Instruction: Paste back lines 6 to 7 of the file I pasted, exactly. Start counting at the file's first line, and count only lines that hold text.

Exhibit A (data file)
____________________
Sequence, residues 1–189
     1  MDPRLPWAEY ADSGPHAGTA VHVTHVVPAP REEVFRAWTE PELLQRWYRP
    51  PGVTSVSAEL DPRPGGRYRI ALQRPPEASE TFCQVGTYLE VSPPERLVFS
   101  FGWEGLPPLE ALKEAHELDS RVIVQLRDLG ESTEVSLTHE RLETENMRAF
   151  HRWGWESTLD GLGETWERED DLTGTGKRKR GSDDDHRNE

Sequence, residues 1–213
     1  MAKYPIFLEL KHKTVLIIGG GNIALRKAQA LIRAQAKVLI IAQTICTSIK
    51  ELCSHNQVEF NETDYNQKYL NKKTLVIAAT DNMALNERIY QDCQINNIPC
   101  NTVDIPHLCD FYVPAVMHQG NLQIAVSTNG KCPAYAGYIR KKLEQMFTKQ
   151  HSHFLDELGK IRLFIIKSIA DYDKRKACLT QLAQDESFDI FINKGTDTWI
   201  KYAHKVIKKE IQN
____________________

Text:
Sequence, residues 1–213
     1  MAKYPIFLEL KHKTVLIIGG GNIALRKAQA LIRAQAKVLI IAQTICTSIK